Organoid to the rescue of the thyroid

Sci-fi or reality? Artificial organs may soon be the solution for those suffering from all forms of hypothyroidism.

The role of the thyroid gland is absolutely crucial for human health. Located in the neck, it controls metabolism, growth and development by secreting the two thyroid hormones: triidothyrnine (T3) and tetraiodothyronine (T4). Imbalance of these hormones can affect cognition and make you hangry, cold and extremely tired. Could artificial organs be the key?

Longevity.Technology: Hypothyroidism occurs when thyroid hormones are not being produced to the required level. This can occur though radiation, thyroid autoimmunity and as a side-effect of thyroid cancer treatment – the complete removal of the organ.

All of these require life-long hormone replacement therapy, which not only has shown to give severe gastrointestinal side-effects, but also interact with many other drugs. This poses a problem the vast majority of people who need to take multiple drugs for different conditions. Replacement therapy itself is imperfect, resulting in the persistent hormone imbalance symptoms.

Developing organoids

As medicine takes leaps forwards, a new and exciting solution may lie in the field of regenerative medicine. Full organ growth is a long way off, but smaller organs are gaining traction, and already we are seeing studies showing clear viability of artificially grown organs, knowns as organoids, replacing diseased organs. Just a year ago, a key study developed salivary gland tissue from human stem cells as treatment for salivary gland diseases [1] and consequently transplantation into mice models indeed lead to the rescue of the organ’s functions [2].

This is just an example, but similar studies have been done for kidney [3], liver [4] and endometrium [5] organoids and LyGenesis is one company actively progressing an organoid pipeline. Now, a novel thyroid organoid has been grown by Professor Rob Coppes at the University Medical Center of Groningen in the Netherlands.

Creating a successful organoid

The organoid was grown through standard biological procedures and thoroughly characterised through numerous biological experiments. When cells are grown, part of the procedure involves passaging, where the growing cells are removed from the medium they are in and transferred into fresh medium. This is done to ensure maximal cell growth and prevent toxic metabolites from building up. In this case successful passaging suggested the organoid had cellular integrity and stability.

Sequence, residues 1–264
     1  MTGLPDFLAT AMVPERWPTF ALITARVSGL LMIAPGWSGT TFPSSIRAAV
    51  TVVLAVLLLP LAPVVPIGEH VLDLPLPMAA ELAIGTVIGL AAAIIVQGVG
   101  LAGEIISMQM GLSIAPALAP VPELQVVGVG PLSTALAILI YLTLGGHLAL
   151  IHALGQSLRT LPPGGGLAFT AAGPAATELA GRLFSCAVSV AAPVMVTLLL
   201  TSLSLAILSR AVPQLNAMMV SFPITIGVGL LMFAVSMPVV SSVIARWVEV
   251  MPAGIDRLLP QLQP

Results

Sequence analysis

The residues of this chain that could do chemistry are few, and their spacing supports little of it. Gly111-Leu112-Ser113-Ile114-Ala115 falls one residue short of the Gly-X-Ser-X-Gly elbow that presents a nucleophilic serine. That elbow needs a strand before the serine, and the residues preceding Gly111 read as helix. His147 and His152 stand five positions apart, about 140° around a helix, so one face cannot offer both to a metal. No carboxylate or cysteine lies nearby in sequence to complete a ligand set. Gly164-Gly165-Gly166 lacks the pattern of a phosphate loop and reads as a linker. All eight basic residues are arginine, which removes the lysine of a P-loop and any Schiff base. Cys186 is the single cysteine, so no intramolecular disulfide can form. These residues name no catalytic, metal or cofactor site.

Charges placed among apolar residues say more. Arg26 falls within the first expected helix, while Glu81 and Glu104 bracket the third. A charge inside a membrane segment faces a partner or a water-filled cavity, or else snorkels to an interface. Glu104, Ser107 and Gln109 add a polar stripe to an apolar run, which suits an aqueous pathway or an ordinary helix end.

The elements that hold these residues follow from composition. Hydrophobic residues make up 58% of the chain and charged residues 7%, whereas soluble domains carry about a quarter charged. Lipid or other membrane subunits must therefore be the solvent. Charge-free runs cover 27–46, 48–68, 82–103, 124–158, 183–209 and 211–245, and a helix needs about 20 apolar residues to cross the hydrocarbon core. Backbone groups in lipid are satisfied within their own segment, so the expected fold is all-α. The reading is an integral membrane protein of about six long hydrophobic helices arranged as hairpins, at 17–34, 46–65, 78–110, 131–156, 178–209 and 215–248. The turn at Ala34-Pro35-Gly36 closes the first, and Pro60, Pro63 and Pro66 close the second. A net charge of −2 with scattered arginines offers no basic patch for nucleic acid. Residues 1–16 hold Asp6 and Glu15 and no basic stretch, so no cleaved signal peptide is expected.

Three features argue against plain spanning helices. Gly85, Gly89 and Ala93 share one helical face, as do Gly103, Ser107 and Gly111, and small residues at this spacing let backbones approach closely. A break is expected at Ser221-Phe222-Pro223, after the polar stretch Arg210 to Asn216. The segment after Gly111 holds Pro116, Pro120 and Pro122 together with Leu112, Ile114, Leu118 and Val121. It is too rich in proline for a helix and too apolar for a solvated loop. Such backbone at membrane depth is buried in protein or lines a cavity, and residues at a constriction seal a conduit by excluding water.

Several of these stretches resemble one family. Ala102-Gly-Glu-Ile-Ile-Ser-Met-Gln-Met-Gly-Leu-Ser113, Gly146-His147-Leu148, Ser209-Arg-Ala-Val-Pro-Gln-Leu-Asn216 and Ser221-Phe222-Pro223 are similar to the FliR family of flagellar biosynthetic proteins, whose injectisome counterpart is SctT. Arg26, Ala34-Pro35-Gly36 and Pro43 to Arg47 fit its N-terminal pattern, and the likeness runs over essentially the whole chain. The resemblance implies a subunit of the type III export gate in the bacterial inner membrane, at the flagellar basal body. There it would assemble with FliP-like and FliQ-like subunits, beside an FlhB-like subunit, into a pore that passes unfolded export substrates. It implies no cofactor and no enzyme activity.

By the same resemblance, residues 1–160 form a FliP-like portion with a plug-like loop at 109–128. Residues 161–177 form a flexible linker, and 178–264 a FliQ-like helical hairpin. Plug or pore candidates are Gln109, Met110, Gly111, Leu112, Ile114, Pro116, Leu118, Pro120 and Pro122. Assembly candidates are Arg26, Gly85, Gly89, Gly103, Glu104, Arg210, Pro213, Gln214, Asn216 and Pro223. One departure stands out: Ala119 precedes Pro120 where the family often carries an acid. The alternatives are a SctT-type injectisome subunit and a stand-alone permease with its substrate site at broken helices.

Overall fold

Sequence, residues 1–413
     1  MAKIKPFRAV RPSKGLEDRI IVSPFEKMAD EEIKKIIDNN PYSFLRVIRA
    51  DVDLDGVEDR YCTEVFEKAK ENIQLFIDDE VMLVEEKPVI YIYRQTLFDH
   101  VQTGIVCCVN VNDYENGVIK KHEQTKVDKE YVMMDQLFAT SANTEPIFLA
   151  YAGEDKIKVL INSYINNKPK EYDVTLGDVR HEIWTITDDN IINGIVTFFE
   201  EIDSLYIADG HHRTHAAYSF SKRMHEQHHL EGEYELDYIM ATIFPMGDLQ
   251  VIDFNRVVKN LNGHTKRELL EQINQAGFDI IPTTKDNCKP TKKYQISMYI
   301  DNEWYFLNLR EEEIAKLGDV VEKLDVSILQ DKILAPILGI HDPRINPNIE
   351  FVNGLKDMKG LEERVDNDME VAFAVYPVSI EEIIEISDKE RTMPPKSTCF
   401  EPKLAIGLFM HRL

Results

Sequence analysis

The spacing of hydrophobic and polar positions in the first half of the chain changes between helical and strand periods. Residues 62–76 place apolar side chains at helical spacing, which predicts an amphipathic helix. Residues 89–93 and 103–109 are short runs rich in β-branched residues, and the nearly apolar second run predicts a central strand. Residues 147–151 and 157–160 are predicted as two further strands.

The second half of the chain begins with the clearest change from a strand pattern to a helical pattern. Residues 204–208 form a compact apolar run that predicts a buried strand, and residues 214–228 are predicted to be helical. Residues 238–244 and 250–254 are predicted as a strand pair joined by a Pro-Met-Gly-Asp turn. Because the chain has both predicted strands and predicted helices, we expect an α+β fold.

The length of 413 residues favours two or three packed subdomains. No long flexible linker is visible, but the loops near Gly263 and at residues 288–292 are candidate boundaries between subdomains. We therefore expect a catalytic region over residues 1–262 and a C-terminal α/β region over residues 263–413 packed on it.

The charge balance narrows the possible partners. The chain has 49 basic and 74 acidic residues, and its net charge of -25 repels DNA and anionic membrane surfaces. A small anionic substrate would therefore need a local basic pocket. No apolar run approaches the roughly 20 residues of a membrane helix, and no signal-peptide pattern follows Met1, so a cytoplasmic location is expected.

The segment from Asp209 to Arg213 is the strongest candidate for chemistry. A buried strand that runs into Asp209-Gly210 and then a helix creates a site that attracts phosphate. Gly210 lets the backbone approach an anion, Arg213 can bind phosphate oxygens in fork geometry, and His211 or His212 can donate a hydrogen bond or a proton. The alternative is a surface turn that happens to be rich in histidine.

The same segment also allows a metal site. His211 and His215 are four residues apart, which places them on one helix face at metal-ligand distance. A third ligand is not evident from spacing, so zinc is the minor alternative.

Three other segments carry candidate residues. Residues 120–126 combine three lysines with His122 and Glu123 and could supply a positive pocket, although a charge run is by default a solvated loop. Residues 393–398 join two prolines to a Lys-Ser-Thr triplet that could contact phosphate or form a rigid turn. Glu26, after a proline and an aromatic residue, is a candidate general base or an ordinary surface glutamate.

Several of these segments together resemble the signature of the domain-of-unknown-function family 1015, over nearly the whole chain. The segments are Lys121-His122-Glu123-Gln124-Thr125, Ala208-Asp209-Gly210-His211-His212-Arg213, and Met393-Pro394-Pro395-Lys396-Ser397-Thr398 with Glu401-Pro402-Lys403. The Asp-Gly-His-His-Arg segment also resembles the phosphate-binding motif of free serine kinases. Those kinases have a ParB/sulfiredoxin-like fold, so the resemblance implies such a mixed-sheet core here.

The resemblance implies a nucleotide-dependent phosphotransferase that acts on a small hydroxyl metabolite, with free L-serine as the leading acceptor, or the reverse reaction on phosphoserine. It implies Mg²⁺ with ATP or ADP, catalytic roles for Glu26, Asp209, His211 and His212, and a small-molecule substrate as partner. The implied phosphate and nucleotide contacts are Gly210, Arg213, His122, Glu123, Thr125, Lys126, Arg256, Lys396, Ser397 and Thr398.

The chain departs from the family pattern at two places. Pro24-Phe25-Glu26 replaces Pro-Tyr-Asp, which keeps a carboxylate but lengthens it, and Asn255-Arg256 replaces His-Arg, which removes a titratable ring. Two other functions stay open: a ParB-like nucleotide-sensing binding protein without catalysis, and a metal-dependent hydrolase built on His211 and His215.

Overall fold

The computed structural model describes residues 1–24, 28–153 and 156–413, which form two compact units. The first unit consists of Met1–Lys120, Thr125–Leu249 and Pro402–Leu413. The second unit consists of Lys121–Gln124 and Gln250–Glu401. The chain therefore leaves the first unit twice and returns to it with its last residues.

The developed thyroid organoids show a lot of promise. Practically, they can be cryogenically stored, they have genetic stability and cellular integrity.

For successful T3 and T4 production, a working sodium iodide symporter is imperative along with epithelial integrity and tight junctions. Even after 5 passages, the novel thyroid organoid is viable and stem cell enriched, and thus was transplanted to see in vivo effects on a murine model.

Hypothyroidism was induced in mice by injecting them with the radioactive iodine isotope 131I: T4 serum levels were then measured to confirm thyroid function loss. 600,000 organoid cells were transplanted into the kidney capsule of the mice.

Can hyperthyroidism be cured?

After 8 weeks the organoid developed characteristic follicles, from which thyroid hormones are secreted. Over 29 weeks the organoid grew in size and the follicles remained present. Even though T4 levels increased at a modest rate, lifespan of the hypothyroid mice was prolonged relative to the control group showing clear longevity benefits.

The organoids showed an increase in proliferation and an increase in cell cycle activity – both criteria that also define a cancerous cell. Yet, no thyroid tumour markers were found. The transplanted cells were also not able to form tumours even after long-term culturing and being irradiated, which is a known causative trigger for cancer. This does not guarantee elimination of cancer risks, but rather shows that they are minimal [6].

The developed thyroid organoids show a lot of promise. Practically, they can be cryogenically stored, they have genetic stability and cellular integrity. Furthermore, being developed from adult thyroid cells rather than embryonic stem cells overcomes most current legal barriers in regenerative medicine.

Future studies could look into exploring different variables. Implanting more cells and triggering more extensive vascularisation could lead to better hormone production and faster engraftment of the organoid. Additionally, a similar study found that the addition of human thyroid-stimulating hormone (TSH) to thyroid organoid culture is pivotal for restoring T3 and T4 hormone levels [7]. The role of TSH could be tested in the newly validated thyroid organoid.

The evidence in the study shows that thyroid-derived cells can form a functional thyroid mini-organ, and the potential benefit to people suffering from hypothyroidism is so great that this model required funds and effort for development to a therapeutically sound standard.


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